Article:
The Portuguese Securities Market Commission (CMVM) is reportedly keeping a close eye on the “bitcoin euphoria” that’s sweeping the nation, as according to local publication ECO it’s supervising investment banks and brokerage firms in the country who sell products associated with the cryptocurrency.
With the move, the Securities Market Commission plans to create an exhaustive list of every product that has bitcoin or any other cryptocurrency as an underlying asset available on the market, in order to protect private investors said to be most vulnerable to the “digital currency euphoria.”
The regulator, led by Gabriela Figueiredo Dias, wants to determine which financial intermediaries in the country are currently selling complex bitcoin-related products that allow investors to indirectly purchase cryptocurrencies. Moreover, CMVM is reportedly trying to know how these intermediaries are marketing these financial products, and what information is being transmitted to investors.
Per ECO, CMVM is also on top of Initial Coin Offerings (ICOs) as it recently warned potential investors about the risks of these token sales, as these aren’t regulated, can be extremely volatile or lack liquidity, and can lead to fraud. The publication adds that CMVM can do little about bitcoin in the country, as it isn’t “exactly a financial asset,” so all it can do – presumably for now – is issue warnings.
Although ECO accurately points out that cryptocurrencies such as Bitcoin, Ethereum, and Litecoin aren’t regulated and can’t be controlled by authorities – and that this is part of the reason they’re attractive – it adds in a subtitle that “80% of investments lead to total loss.”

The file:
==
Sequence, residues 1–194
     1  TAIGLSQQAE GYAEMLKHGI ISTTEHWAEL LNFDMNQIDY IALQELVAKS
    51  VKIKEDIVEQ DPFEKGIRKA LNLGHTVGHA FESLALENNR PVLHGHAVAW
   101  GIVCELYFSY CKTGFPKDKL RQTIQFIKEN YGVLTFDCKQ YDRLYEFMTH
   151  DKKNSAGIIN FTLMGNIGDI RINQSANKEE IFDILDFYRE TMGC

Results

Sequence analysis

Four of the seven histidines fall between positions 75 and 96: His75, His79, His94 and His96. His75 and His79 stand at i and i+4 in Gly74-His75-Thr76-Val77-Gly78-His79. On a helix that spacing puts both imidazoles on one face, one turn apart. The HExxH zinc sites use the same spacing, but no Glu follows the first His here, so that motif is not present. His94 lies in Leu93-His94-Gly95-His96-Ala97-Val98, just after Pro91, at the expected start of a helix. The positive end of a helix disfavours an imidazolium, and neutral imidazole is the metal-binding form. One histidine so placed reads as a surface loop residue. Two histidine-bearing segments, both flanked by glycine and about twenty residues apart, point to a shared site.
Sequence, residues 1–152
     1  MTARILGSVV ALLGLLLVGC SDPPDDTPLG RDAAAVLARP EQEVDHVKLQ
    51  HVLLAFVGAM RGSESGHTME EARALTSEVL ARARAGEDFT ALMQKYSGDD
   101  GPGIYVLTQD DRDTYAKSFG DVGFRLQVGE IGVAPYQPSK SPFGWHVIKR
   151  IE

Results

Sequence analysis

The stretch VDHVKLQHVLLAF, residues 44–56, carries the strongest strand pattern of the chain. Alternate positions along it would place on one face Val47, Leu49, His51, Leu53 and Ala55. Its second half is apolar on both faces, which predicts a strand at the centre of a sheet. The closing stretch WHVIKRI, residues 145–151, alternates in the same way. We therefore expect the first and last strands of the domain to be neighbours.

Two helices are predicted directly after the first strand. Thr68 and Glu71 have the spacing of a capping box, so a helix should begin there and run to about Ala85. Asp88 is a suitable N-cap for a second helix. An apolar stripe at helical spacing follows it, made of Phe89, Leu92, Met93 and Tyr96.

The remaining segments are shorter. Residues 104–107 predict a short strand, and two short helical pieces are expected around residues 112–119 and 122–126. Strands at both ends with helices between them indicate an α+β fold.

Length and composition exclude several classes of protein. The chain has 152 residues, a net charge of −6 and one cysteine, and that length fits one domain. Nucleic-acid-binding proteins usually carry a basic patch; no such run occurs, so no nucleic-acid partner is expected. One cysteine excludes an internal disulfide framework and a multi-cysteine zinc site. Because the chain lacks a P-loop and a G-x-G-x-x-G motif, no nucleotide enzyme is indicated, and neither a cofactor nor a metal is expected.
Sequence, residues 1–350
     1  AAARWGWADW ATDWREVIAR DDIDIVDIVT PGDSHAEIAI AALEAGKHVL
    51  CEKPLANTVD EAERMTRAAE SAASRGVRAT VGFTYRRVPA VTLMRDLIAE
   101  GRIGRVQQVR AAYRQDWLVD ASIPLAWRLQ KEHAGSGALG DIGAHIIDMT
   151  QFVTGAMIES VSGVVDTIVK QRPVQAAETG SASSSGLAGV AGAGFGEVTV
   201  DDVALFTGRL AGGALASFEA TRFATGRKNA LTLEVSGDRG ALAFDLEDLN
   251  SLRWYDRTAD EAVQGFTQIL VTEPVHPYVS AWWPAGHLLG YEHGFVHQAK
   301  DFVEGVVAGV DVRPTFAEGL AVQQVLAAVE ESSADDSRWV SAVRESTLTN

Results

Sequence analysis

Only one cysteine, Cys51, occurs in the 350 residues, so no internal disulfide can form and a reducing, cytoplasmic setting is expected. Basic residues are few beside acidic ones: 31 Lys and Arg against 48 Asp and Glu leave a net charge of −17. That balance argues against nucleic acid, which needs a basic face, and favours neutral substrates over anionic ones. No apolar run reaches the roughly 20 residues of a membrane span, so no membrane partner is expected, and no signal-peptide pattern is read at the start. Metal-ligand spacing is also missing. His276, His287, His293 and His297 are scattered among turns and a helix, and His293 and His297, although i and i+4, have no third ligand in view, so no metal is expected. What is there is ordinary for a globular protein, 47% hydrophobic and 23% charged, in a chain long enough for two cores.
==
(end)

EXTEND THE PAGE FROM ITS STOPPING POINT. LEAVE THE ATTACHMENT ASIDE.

The subtitle is derived from an European study conducted by ESMA that showed that 80% of investors who put their money in complex financial products with high leverage that have virtual currencies as underlying assets lost all of their funds. The keywords here being “high leverage.” Nevertheless, CMVM warns investors should be careful when putting their money in these financial instruments.
Given the risks these products incur, the regulator is reportedly going after brokerages allowing investors to purchase them. Binary options and ETNs (Exchange Traded Notes) are reportedly among the products that may lead to sudden losses the regulator is going after.
According to ECO, there are only two brokerages allowing investors to purchase cryptocurrency-related ETNs in the country. In one of them, according to the publication, the ETN surged from €33,56 to €719,9 in one year, giving investors a 2,000% return.
As covered by CCN, earlier this year Portugal’s central bank director stated that “bitcoin isn’t a currency,” notwithstanding the country wanting to tax bitcoin users, despite the lack of regulations. Portugal’s central bank has also recently issued a warning against OneCoin.
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Last modified: December 16, 2017 00:53 UTC